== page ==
Color is often cited as one of the most intimidating aspects of designing your own home, but it doesn't have to be. There is any number of tools out there to help you understand how colors interact and blend to create beautiful visual landscapes. The best guide to color is always your own eye, but if you're in need of a little extra assistance, the best place to start is usually the color wheel.
Often spoken of in hushed tones of reverence or irritation, the color wheel is exactly what it sounds like; a wheel depicting all of the major colors that are visible to the human eye. While there's nothing threatening about the wheel there are a huge number of ways to look at it, picking out primary, complementary, and analogous colors.
Analogous colors are among the easiest to find on the color wheel. Pick any color at any point on the wheel. Then, note any three colors directly to the left or right of it. Together, those four are a group of analogous colors. The name comes from the close relationship that the colors share which is what makes them fitting shades to use together in a space.
Analogous color schemes are a common sight in nature, occurring often in plants. The most popular example of a naturally occurring analogous scheme is the changing color of leaves in fall, yet analogous colors can be seen even in the petals of a single flower or in the sky at sunrise and sunset.
Perhaps because of the connection with nature, rooms featuring analogous color palettes often have a serene, harmonious feel. When decorating with these colors, it is important to create a balance between the colors by choosing one to focus on. This will be the major color of the room, allowing you to bring in the other shades as accents and small pops. A good place to start when choosing the main color is to select any primary color (red, yellow, or blue) present in your group, using the secondary and tertiary colors as accents.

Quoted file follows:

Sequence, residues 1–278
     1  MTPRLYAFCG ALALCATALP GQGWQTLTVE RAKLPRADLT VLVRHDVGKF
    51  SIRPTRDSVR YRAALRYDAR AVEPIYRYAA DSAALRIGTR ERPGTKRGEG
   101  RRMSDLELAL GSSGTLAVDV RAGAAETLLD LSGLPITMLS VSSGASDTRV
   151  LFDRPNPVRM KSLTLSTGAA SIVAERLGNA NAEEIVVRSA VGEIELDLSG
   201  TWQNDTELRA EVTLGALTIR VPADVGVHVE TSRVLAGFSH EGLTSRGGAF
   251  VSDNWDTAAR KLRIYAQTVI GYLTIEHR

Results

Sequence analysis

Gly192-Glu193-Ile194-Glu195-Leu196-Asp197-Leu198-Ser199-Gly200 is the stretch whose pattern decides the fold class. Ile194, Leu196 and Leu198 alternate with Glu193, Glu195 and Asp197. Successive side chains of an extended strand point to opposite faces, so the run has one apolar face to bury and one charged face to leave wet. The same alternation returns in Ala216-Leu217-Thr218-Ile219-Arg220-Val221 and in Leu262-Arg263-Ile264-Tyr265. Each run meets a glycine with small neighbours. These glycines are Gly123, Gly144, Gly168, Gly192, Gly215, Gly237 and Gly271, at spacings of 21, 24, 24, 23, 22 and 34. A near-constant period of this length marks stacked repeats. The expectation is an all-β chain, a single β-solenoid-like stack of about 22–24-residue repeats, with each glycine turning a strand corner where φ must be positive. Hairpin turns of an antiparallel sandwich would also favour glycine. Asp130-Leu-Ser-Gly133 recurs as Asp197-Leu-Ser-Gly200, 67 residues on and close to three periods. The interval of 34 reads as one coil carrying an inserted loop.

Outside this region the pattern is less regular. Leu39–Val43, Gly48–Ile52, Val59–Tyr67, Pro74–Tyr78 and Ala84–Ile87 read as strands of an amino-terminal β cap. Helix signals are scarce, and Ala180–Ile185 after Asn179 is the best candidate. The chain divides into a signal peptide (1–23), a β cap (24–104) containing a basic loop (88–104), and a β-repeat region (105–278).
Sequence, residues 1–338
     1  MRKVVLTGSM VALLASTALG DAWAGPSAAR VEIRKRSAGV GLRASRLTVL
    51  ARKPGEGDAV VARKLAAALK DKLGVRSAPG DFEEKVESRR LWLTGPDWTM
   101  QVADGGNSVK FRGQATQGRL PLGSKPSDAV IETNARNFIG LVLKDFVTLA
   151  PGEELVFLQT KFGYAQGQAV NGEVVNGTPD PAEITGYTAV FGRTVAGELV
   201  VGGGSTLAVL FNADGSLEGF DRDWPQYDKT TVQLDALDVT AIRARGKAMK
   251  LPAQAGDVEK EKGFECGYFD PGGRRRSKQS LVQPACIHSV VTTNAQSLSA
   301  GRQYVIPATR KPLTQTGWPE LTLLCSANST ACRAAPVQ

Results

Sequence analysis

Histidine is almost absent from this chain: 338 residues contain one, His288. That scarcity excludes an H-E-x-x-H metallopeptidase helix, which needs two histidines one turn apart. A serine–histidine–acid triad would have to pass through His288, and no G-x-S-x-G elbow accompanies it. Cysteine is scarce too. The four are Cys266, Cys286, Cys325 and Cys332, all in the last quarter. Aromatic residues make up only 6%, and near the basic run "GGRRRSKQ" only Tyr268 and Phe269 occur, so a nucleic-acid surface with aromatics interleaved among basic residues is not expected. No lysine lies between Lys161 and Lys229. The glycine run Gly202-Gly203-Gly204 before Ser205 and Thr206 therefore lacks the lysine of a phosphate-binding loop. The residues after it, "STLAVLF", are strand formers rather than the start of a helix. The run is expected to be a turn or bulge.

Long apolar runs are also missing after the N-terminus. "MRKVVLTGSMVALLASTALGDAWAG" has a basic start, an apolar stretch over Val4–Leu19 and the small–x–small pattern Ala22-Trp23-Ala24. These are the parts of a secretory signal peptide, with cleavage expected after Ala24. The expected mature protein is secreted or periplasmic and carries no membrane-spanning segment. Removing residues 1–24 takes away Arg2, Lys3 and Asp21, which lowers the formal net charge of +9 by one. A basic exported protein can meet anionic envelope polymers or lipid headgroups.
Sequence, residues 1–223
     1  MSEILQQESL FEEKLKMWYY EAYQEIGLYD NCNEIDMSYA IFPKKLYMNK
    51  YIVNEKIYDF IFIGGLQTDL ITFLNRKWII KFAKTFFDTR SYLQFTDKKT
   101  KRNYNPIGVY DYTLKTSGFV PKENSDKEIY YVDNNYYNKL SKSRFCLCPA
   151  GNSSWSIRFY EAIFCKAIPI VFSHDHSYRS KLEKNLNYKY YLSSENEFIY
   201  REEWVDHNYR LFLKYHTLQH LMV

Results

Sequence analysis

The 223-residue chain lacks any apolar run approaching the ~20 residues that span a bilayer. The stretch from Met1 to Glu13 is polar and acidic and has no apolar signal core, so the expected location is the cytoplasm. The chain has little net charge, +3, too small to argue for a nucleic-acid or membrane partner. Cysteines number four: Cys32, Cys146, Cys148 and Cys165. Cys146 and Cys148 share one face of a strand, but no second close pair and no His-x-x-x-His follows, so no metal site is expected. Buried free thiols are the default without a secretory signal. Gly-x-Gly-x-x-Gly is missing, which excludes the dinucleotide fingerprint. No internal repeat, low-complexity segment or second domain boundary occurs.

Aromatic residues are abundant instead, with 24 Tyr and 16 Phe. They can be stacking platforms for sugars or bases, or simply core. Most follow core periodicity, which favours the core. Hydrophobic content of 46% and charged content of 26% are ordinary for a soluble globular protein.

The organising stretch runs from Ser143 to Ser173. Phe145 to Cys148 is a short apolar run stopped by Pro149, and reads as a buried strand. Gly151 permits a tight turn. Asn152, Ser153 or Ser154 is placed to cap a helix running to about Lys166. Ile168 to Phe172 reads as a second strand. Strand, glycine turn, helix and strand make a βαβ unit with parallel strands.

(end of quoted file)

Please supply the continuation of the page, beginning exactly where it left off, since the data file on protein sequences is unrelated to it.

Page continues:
Make sure that you get the most out of an analogous color scheme is contrast. With the colors in your palette so closely related, it's easy for them to blend into each other, resulting in a muddled look that can be visually overwhelming. Fortunately, there are a number of ways to avoid this. Picking a focal color is one; creating a distinction between your colorful pieces with a pattern is another. One of the best ways is by balancing the level of your colors, making small, medium, and large color choices so as to create an even blend of tones throughout the space.
Your best bet, however, is to use some combination of these methods to ensure that, while your colors are analogous, you are not focusing so much on colors directly adjacent to one another on the color wheel (e.g. green and yellow-green) that they are canceling each other out.